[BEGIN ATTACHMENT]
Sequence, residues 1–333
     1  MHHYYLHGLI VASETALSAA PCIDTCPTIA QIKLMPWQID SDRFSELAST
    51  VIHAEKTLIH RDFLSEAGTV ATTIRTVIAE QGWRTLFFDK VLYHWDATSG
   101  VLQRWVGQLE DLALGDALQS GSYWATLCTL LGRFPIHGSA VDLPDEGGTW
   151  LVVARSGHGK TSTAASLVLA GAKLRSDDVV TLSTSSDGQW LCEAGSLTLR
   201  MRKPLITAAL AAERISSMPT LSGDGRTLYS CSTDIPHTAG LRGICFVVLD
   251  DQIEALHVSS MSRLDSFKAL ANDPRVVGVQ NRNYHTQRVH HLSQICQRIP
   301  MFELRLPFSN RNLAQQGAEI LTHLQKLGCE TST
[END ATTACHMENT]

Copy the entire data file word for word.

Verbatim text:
Sequence, residues 1–333
     1  MHHYYLHGLI VASETALSAA PCIDTCPTIA QIKLMPWQID SDRFSELAST
    51  VIHAEKTLIH RDFLSEAGTV ATTIRTVIAE QGWRTLFFDK VLYHWDATSG
   101  VLQRWVGQLE DLALGDALQS GSYWATLCTL LGRFPIHGSA VDLPDEGGTW
   151  LVVARSGHGK TSTAASLVLA GAKLRSDDVV TLSTSSDGQW LCEAGSLTLR
   201  MRKPLITAAL AAERISSMPT LSGDGRTLYS CSTDIPHTAG LRGICFVVLD
   251  DQIEALHVSS MSRLDSFKAL ANDPRVVGVQ NRNYHTQRVH HLSQICQRIP
   301  MFELRLPFSN RNLAQQGAEI LTHLQKLGCE TST